MARQUEZ: If you think about it, it kind of makes sense 'cause their poop sort of acts like a fertilizer of sorts for any respective habitat. And a good example of this, there's actually gray reef sharks that are in the Central Pacific. And they forage offshore of their habitat at night, and then they return to kind of rest in this atoll during the day. And so they're constantly kind of shuffling nutrients from that outer open ocean area into a more densely populated coral reef area.

So researchers actually estimate this day-to-day offshore water-inshore water migration actually brings in about 95 kilograms of nitrogen daily onto a coral reef, which is usually nutrient limited, which means that it keeps this ecosystem pretty healthy. So yeah, I don't think we're going to be seeing, like, shark poop fertilizer any time soon in our stores. But...

(LAUGHTER)

MARQUEZ: ...It's good fertilizer.

SOFIA: I mean, it's wild that - like, how much nutrients that is actually introducing from its original location to the new location that might not have that. I mean, that's huge. I had no idea. I mean, poop's important always. But...

MARQUEZ: Yeah, 95 kilograms of nitrogen. That's - it's bananas.

SOFIA: (Laughter).

OK. So do sharks have any role in mitigating climate change? 'Cause I'm thinking - you know, I'm thinking about coral reefs. I'm thinking about the changing oceans right now. Are sharks going to help us out with that?

MARQUEZ: Yeah, definitely. There's actually a really great example of it here in Western Australia. So we've got a few tiger shark species, which is my favorite species of shark, and they patrol the seagrass beds here in Western Australia. And it seems to cause two specific animals to limit how much seagrass they eat. So sea turtles, which many people know, but dugongs, which are kind of like a relative of the manatee. So you're probably wondering why the diet of these two animals has anything to do with climate change. But essentially, them not being able to eat seagrass increases primary production, which is CO2 uptake, which maintains carbon sediment stocks. And marine sediments are one of the most expansive and critical carbon reservoirs on the planet, so they're key for regulating climate change.

SOFIA: Wow. So it's really, again, them just playing that role of creating a balance, right? That's - it's - when you think of sharks, you don't - the first thing you think in your mind isn't really, like, they help balance this ecosystem.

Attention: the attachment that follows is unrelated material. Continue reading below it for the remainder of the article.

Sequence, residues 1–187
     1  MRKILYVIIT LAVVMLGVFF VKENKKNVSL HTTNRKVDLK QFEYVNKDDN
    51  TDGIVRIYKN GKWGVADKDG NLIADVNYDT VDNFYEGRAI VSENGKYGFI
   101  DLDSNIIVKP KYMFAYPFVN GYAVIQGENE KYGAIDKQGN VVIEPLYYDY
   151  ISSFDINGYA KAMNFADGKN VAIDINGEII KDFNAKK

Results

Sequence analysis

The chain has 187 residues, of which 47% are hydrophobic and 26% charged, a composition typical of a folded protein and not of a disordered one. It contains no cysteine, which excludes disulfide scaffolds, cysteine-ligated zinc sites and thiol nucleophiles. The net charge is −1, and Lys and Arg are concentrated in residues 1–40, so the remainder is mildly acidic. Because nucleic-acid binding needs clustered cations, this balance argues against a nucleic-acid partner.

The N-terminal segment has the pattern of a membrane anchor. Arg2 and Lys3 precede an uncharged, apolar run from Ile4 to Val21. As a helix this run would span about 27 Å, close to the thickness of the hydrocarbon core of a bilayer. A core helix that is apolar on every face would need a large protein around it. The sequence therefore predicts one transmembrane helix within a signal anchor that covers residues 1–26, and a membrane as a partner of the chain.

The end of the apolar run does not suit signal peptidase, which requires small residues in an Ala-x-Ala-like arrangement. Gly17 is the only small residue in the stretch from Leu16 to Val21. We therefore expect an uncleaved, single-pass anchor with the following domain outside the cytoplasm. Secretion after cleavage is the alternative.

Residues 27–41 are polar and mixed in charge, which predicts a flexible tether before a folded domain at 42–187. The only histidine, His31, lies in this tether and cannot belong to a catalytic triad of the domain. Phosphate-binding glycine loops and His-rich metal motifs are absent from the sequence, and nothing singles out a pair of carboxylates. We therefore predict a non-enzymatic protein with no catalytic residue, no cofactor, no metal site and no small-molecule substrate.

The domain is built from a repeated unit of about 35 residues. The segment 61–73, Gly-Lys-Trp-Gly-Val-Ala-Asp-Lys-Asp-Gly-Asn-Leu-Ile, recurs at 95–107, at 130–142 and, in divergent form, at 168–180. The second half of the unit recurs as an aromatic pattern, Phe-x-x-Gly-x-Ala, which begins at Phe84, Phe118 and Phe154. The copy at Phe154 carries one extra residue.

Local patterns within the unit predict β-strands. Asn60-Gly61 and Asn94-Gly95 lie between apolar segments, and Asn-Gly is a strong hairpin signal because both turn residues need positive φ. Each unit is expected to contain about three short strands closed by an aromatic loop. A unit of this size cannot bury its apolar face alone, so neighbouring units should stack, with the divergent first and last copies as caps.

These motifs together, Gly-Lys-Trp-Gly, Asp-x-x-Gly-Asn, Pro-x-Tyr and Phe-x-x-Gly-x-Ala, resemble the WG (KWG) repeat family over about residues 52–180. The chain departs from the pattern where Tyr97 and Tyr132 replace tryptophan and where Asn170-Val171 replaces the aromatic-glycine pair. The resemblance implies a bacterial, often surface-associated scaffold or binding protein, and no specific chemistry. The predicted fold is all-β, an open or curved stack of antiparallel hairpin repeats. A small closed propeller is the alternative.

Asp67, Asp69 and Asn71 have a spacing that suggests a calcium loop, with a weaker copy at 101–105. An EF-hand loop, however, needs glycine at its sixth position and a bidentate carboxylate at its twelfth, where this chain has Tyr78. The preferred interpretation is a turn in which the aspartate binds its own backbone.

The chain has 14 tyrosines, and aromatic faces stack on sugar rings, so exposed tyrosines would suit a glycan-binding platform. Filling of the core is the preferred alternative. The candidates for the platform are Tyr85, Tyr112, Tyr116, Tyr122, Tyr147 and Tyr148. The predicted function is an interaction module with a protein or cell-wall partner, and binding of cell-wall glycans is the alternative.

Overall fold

MARQUEZ: Yeah. You know, it's one of those things - when a lot of people think of sharks, they think of, oh, they just eat fish, and they keep that food web balance. And it's true. They do do that, but they do so much more that a lot of people don't realize. It's not until you kind of lay everything out on the table that they're like, holy crap, these animals do a lot. Yeah, we need to protect them.

SOFIA: Yeah. I mean, yeah, that's my - kind of leads me to my next question, Melissa, which is, you know, with all of this in mind, what is the - you know, the general state of sharks? You have convinced me they're super important for all different types of reasons. You know, are they OK? - I guess is what I'm asking.

MARQUEZ: I mean, it really depends the specific shark you are talking about because there are over 500 different species of sharks out there, which is really cool. And you know, they've been around for over 400 million years. They've survived multiple mass extinctions. But it seems that they're not really surviving the most formidable opponent, which is us.

A recent study that just came out is probably one of the most - largest collaborative projects that I've seen yet, was looking at the impact that threats such as overfishing and bycatch, habitat destruction and degradation, climate change, plastic pollution and, of course, illegal shark finning - what those kind of threats have on our global shark populations.

So it's bad. It was a bit sobering. And I did have a little bit of a cry 'cause, you know, as a shark scientist, I love these animals. I love learning about them. I love protecting them. But it does kind of get you a reality check of, I'm not going to be able to save them all. We're not going to be able to save them all if this continues. So that's why I'm a really big advocate of get rid of the jargon of, they're man-eaters, that they're monsters, that they're mindless killers because, if anything, if we're looking at the numbers, on average, they fatally bite six people per year, and we're killing millions of them a year. So really, if we want to label someone a monster, I think we're labeling the wrong animal. So they definitely need a PR manager.

(LAUGHTER)

MARQUEZ: Add that to my business card.

SOFIA: OK, Melissa, I want to end on a note of straight-up shark appreciation. So don't think too hard about this - really quick, give me your top three sharks. Go.

MARQUEZ: Oh, OK. Tiger shark - hands-down favorite, blacktip reef sharks and Caribbean roughshark - so if people Google that, it is a weird-looking animal.

SOFIA: OK, Melissa. This was super fun. I learned a lot. I appreciate you, and I appreciate sharks.

MARQUEZ: Thank you so much. Thanks for having me.

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SOFIA: This episode was produced by Brit Hanson, fact-checked by Ariela Zebede and edited by Viet Le.

I'm Maddie Sofia. Thanks for listening to SHORT WAVE from NPR.